So this is what I want to focus on in the next 31 days.  I want to talk about the practical aspects of being physically disciplined and to that end I will post my food and exercise diary, possibly some recipes and thoughts about the kind of exercise that works for me. I also want to talk about the spiritual connection.  How does being physically disciplined help me in my spiritual life?  What is God showing me through this renewed dedication?  I am really looking forward to this opportunity to be more deliberate and thoughtfult as I learn to take better care of this body that God has given me as an instrument of His service.

Friday, September 28, 2012

We belong to the Lord

If we live, we live to the Lord; and if we die, we die to the Lord. 
So, whether we live or die, we belong to the Lord. Romans 14:8

After the first fog of grief lifted, one of things that I thought about most when Becky died was my own mortality.  I was almost 34 when she died so maybe that is the age when people often start thinking about the possibility of death.  I don't know.  What I do know is that Becky dying made me feel old.  Sounds strange, I know.  Maybe it is because it was my first real taste of death.  I mean, you expect grandparents to die.  Sisters are supposed to grow old with you.

I've been thinking about my mortality again lately.  I have been having this pain in my side.  I've been to the doctor about it a lot.  I've been poked and prodded.  I've had gallons of blood drawn.  My doctor doesn't see anything wrong, he doesn't know why I'm having pain.  So he ordered a CT Scan.  For some reason, scheduling the CT Scan was the moment I thought something might be truly wrong.  Something about big machinery and the ability to see inside my body, I guess.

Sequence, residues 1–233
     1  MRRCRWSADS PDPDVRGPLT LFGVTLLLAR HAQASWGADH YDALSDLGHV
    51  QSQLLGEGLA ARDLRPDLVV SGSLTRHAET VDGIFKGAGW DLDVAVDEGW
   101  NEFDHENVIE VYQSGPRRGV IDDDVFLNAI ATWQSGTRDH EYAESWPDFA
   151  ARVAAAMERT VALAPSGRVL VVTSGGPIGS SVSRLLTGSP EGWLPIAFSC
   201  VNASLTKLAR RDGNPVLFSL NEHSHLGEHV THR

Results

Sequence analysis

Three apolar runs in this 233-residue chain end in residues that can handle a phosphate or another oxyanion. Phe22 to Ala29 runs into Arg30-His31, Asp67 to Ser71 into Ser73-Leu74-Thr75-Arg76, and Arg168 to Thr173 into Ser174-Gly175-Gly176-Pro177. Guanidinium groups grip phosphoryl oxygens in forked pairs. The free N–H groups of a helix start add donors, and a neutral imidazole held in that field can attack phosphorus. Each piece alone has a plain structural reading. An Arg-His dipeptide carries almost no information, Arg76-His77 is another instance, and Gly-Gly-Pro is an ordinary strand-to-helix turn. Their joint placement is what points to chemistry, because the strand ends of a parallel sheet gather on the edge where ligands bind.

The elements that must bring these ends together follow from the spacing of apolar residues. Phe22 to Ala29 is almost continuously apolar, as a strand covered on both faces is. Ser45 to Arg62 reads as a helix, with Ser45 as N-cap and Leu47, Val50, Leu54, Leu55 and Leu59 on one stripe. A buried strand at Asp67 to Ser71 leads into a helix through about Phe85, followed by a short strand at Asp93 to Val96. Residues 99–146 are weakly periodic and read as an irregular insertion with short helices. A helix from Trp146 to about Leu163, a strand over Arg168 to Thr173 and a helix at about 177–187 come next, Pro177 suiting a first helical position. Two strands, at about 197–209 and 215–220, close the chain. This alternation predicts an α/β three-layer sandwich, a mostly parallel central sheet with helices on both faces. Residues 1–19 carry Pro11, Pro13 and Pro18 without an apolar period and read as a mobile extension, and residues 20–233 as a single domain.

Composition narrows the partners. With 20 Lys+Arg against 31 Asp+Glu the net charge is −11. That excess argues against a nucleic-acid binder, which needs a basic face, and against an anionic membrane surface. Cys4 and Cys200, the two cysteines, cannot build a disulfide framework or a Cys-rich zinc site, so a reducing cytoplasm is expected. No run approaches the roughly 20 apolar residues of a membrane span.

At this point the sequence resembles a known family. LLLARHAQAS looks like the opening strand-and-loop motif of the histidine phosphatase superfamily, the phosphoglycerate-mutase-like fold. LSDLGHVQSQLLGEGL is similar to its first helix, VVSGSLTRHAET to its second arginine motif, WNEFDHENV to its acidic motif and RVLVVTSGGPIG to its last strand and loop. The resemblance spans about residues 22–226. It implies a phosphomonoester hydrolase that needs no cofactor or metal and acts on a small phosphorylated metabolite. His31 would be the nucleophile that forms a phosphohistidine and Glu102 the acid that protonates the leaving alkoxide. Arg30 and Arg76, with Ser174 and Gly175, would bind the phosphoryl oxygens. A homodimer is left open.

Anyway, I've been thinking about it.  What if there is something major wrong?  What if my kids have to learn about things like cancer and chemotherapy?  What if it is something else, something chronic and disabling?  How would these things change who I am and what I am called to be?

I am not usually a worst-case-scenario kind of girl.  In fact, I generally believe everything will be perfect.  I expect the best in every situation...probably because I've so rarely been faced with actual worst cases.  Waiting for the results of this test, I realized: there is no worst case.  The price has already been paid for my worst case scenario.  Jesus died so that I would be spared the worst case penalty.

Everything else is just the life that He chooses to give me.  So, if I live, I live for the Lord.  If I die, I die for the Lord.   No matter what happens, it is all for the Lord.

When I think about things like this I think about the "what ifs".  You know: what would my husband do; what would my kids do; what would happen to the house/the bills/the laundry.  These are silly things to think about.  If I got sick or died, my husband would survive.  My children would go one living.  Decisions would be made, for sure, difficult decisions.  Who knows how it would all work out.  But that is not worth worrying about.  More than ever I understand Jesus' instructions in Matthew 6:34 "Therefore do not worry about tomorrow, for tomorrow will worry about itself.  Each day has enough trouble of its own."